yea, this was certainly the case with us. I looked quite closely at smaller sailboats (slow ones and fast ones), and at multihulls and at powerboats. After a lot of discussions, we decided we did not have much interest in the typical '11 weekends a year boating' thing, and there were parent issues and health issues going further afield (like to Newfoundland or Bahamas). And I did not want to own a boat if we were not going to really use it (my personal preference is to have only a few superb toys but to use the hell out of them). In the end we decided to just move past boating all together - the only things we have kept from that life is my interest in knots/splices/ropework, and the willingness/interest in helping sailors whenever we can, and my crewing on two good friend's OPB when they need navigator or ice pilot. We also looked at the RV thing - I simply can't see enjoying driving those things long-distance, nor being in parked in rv parks. We settled into mostly apartment living (I do not want to deal with lawns, or leaking plumbing/roofs) with pretty frequent private guided trips (mostly bikes, but walking and diving occasionally). The guides plan the trips, drive the support vans and generally both make things fun and smooth. This gives us enough travel and a change of scenery to keep things fresh. So far its been a decent post sailing life, but I will acknowledge we would be doing things differently if we did not have the parents to look after (probably much longer trips - like 6 months to the south of France style traveling) and 'living' in different places (perhaps places in Colorado or Vermont and South/North Carolina - still apartments or condos - no lawns or plumbing or roofs to look after). I still think (but am not 100% sure) we would be done with 'boating' even in that case.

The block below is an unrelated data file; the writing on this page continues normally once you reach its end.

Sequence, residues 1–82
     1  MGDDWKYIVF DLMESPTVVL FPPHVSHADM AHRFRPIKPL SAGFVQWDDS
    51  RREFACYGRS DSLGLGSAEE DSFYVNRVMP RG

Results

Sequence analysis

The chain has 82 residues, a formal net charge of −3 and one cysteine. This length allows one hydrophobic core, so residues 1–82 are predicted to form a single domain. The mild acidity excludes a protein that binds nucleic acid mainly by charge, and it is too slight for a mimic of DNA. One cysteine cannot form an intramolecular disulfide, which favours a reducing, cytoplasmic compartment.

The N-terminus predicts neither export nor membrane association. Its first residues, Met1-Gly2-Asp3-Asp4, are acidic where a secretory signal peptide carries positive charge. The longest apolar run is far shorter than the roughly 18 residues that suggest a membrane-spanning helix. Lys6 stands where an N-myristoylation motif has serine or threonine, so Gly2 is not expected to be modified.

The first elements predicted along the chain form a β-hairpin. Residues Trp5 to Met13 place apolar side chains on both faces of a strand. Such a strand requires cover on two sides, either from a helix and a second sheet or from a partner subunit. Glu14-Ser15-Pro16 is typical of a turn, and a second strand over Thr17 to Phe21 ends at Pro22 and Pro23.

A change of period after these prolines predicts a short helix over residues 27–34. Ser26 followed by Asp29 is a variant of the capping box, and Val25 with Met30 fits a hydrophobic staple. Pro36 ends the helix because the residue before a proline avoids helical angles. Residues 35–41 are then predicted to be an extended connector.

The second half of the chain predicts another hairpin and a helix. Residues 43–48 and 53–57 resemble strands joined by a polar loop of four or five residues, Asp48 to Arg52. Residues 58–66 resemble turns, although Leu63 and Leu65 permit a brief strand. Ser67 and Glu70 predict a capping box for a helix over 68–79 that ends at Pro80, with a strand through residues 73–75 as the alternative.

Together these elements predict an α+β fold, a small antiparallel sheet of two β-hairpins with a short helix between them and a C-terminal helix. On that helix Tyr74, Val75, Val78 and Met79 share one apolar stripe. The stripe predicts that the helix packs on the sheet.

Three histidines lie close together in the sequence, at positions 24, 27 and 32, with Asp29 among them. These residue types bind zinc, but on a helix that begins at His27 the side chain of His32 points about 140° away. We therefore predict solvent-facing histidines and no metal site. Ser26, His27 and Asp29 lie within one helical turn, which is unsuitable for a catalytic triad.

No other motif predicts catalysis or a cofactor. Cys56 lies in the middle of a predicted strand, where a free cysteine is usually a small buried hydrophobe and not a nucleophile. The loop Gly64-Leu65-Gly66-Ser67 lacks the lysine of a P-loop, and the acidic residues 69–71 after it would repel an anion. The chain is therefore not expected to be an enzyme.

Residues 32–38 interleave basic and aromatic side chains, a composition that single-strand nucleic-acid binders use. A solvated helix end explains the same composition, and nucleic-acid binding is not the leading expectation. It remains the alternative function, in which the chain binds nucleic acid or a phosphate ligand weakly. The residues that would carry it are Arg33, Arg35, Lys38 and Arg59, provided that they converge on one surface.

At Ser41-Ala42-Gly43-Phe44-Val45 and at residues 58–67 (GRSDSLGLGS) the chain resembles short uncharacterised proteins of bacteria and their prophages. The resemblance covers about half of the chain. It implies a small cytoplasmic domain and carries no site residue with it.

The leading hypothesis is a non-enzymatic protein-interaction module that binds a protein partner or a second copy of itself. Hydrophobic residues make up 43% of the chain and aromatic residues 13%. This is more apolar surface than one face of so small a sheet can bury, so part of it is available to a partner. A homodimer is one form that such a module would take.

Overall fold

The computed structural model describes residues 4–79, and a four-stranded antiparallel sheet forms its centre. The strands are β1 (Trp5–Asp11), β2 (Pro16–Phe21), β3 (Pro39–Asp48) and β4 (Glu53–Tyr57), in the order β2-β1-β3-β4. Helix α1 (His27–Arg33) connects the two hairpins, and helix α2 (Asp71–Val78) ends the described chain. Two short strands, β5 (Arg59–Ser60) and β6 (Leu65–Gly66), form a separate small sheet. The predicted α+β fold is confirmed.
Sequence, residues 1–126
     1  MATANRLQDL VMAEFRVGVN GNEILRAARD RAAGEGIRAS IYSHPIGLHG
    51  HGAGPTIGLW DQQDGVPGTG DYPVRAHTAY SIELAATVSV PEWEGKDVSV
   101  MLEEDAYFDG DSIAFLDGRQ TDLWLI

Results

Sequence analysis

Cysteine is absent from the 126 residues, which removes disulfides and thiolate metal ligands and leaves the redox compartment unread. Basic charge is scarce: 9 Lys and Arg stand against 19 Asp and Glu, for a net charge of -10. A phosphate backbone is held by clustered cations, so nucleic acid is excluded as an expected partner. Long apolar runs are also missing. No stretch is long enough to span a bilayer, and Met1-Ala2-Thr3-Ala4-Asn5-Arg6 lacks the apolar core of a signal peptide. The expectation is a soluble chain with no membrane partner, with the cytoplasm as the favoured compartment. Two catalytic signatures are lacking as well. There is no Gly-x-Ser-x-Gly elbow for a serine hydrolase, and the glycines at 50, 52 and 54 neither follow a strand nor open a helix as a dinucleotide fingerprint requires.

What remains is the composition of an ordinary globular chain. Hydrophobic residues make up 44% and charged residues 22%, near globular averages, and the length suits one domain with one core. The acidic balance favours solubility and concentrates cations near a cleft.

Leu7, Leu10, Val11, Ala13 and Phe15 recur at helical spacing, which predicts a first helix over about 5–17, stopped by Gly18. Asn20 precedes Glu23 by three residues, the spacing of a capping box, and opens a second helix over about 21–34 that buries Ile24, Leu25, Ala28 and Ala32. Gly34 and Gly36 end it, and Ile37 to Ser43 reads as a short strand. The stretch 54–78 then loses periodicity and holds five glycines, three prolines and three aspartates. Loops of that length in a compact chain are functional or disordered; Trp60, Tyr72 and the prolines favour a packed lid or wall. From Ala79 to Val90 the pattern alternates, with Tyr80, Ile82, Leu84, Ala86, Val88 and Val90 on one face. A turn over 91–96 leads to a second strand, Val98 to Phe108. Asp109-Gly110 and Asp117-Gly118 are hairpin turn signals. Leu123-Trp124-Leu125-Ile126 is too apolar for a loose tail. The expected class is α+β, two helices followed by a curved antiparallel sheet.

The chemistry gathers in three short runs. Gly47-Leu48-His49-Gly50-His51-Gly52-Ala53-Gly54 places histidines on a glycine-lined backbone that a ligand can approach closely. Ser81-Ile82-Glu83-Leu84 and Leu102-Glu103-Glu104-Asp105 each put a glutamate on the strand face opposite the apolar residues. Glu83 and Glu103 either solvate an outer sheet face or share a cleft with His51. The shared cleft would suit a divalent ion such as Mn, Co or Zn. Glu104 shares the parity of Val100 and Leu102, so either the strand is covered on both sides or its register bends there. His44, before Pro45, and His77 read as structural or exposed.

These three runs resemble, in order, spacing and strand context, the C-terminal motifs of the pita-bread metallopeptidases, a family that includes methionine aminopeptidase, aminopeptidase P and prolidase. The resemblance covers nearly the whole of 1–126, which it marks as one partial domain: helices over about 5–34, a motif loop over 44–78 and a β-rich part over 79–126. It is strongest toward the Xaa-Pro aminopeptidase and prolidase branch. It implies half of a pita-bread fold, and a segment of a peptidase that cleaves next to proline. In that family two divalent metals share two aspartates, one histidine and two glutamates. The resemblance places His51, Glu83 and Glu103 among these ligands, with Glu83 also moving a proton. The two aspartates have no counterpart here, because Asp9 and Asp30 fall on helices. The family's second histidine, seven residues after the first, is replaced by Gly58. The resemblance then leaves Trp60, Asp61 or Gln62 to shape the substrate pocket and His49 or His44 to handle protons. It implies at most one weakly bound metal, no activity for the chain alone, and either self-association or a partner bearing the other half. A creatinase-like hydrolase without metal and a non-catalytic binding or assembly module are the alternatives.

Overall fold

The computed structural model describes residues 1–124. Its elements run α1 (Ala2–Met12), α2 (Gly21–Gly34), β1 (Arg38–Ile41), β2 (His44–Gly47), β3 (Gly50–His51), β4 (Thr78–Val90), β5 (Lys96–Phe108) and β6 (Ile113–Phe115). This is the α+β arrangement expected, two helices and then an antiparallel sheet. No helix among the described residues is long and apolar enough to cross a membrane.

10. estarzinger

    What company is selling these?

    I have no idea what the OP's purpose was in asking about the SeaChoice shackles . . . . I sort of suspect it was business related rather than wanting a soft shackle for his boat. Pretty work. Do you know if he has break tested his own work? I am curious for instance about those whippings on the end to end splices - I could see them making a noticeable reduction in strength (I have personally tested and seen tests of tight stitching there, which have produced a significant reduction). For personal use, I honestly think any sailor should be able to whip up a soft shackle on their own. Buying them seems to me a bit like paying someone to tie a bowline for you. They are not hard and there are good instructions available and it is quite handy to be able to make them custom lengths to fit specific applications, and if you DIY there are stronger and better designs than the ones normally sold commercially.
  11. estarzinger

    tying light air dyneema sheets to a clew...